Written by Stephen Fisher –
In August 2011 my wife and I drove through L.A. with a specific detour in mind. In 2009, we had seen the Academy Award-nominated documentary film, “The Garden.” I tracked down the exact address of the movie’s subject. The formal name of the garden is the South Central Farm.
After many fits of L.A. traffic, blocked streets, and stop signs, we were suddenly there. I thought it might be difficult to realize where exactly the garden was, but it was more than obvious. And it was gut-wrenching.
You see, in the movie they recount how this 14-acre lot hosted 150 families growing on their own subdivided plots. It was a lush cornucopia of fruit and vegetables that could feed thousands, under all kinds of business models from bartering to co-ops to direct sales. From 1994-2006, the property was in limbo, having been condemned and owned by the City of Los Angeles and then the Los Angeles Harbor Department. However, the city included a repurchase agreement with the previous owner(s).
In the meantime, the land was farmed. Politically and functionally the farm was a boon. But when the city and the land owner settled a lawsuit, it became squatting. One day in 2006, the land owner exercised his rights and abruptly terminated it with bulldozers. It is an interesting tale of the ultimate power and legality of land owner property rights. It is also a sad tale because the land was once a lovely plant – wanted, beautiful, and productive – only to become a weed – unwanted, ugly, and unproductive – once again.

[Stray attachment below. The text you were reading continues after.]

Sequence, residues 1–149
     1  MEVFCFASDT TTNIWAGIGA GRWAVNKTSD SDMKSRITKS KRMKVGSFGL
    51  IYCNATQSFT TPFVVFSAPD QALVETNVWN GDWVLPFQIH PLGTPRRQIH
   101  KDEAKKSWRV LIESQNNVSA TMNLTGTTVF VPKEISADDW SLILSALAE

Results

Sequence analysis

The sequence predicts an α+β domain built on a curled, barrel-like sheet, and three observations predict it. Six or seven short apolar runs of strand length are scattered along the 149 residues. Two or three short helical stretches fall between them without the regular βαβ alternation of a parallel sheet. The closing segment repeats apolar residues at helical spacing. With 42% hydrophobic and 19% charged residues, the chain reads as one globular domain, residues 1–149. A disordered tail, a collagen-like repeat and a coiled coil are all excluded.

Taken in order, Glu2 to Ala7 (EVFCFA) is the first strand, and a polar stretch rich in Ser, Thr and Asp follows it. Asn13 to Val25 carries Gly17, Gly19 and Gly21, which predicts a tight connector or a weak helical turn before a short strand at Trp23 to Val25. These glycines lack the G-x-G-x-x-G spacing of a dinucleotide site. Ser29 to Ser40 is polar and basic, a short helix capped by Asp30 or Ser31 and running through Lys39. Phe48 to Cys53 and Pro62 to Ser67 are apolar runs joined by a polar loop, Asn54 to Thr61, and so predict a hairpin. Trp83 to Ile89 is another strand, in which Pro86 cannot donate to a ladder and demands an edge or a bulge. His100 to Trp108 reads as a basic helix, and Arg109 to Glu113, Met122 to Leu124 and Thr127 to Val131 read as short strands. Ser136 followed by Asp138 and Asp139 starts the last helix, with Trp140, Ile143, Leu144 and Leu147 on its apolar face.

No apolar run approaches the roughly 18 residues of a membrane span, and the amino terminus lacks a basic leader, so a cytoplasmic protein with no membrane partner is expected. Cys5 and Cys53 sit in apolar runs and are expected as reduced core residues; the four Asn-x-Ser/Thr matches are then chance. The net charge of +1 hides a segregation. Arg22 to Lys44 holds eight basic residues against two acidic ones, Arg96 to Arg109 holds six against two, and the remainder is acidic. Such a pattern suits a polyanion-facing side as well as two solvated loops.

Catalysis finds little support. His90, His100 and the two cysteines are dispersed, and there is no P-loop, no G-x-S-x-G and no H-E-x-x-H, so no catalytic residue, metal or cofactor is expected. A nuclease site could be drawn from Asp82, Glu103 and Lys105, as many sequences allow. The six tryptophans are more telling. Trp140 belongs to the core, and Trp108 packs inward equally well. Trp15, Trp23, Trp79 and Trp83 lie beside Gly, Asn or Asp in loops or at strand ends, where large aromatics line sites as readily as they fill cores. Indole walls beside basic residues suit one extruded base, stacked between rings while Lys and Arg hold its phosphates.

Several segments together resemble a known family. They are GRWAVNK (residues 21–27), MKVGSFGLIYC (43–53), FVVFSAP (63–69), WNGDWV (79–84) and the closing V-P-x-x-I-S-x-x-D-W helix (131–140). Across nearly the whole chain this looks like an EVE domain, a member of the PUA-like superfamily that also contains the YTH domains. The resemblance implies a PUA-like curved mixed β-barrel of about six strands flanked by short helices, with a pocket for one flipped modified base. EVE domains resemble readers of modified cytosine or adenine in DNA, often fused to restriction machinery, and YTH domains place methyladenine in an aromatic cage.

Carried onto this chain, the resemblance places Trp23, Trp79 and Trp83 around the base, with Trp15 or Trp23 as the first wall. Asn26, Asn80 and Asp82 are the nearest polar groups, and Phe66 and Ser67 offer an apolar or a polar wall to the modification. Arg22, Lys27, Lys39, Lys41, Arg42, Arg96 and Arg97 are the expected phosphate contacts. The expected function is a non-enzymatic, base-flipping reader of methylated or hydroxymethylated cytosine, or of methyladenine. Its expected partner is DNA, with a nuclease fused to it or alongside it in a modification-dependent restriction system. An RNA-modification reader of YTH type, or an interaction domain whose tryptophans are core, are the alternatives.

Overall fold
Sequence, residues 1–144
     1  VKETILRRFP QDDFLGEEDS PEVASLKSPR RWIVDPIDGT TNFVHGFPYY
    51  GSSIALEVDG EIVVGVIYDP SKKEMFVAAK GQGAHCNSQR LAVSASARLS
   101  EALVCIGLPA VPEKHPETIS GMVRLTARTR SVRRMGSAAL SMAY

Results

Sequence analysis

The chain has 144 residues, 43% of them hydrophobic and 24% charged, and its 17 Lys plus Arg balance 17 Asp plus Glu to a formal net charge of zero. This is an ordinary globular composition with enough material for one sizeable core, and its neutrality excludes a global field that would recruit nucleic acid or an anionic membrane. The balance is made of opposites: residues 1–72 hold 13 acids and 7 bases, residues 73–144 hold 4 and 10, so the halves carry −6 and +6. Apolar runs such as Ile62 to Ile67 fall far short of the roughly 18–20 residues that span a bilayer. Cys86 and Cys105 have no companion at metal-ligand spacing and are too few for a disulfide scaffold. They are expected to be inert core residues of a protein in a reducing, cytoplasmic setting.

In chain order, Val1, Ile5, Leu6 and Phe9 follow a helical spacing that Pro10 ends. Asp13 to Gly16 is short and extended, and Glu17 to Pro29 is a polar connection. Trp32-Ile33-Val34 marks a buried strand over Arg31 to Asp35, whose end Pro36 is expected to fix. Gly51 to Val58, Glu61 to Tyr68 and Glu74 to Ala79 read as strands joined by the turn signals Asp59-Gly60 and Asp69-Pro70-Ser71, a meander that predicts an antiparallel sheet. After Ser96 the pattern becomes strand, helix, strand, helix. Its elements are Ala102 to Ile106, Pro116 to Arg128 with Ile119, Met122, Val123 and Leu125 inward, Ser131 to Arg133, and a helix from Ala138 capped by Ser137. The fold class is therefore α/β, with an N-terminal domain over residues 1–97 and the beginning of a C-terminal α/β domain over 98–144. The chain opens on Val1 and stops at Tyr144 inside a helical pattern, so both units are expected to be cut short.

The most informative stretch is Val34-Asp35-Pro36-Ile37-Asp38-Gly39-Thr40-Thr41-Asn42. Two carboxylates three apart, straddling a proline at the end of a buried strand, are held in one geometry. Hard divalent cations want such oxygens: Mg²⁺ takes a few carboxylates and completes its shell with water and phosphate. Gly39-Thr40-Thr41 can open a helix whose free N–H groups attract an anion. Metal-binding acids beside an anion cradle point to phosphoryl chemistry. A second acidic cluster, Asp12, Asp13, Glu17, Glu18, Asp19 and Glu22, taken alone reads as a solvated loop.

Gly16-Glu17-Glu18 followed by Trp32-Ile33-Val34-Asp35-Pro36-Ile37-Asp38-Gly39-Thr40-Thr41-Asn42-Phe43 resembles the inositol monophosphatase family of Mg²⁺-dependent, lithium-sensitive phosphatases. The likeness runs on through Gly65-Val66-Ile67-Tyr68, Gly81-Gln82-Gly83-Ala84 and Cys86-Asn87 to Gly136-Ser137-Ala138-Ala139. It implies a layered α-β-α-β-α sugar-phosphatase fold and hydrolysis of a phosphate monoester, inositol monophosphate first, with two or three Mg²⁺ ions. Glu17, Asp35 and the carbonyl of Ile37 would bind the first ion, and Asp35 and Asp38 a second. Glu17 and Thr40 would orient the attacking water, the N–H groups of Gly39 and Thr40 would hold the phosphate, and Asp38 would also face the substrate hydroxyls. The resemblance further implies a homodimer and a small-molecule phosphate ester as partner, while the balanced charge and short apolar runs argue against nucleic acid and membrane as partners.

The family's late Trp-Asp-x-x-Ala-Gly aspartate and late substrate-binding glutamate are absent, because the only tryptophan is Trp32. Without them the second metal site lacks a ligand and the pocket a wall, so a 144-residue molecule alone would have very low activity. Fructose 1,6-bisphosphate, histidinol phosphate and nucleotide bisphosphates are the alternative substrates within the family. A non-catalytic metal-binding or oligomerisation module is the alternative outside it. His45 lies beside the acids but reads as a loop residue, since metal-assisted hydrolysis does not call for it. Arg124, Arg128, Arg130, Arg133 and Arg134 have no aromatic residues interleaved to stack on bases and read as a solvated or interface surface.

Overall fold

As we circled the block, we were amazed at the stark blight, saddened by the lost opportunity, and felt a small bit of anger about the imperfect workings of law and politics. As a researcher of food systems, it represented to me a number of things in a single case study: intensive urban agriculture, land use, policy, politics, and social benefit.
“There are too many streets and avenues” – Gregory Alan Isakov in “Garden”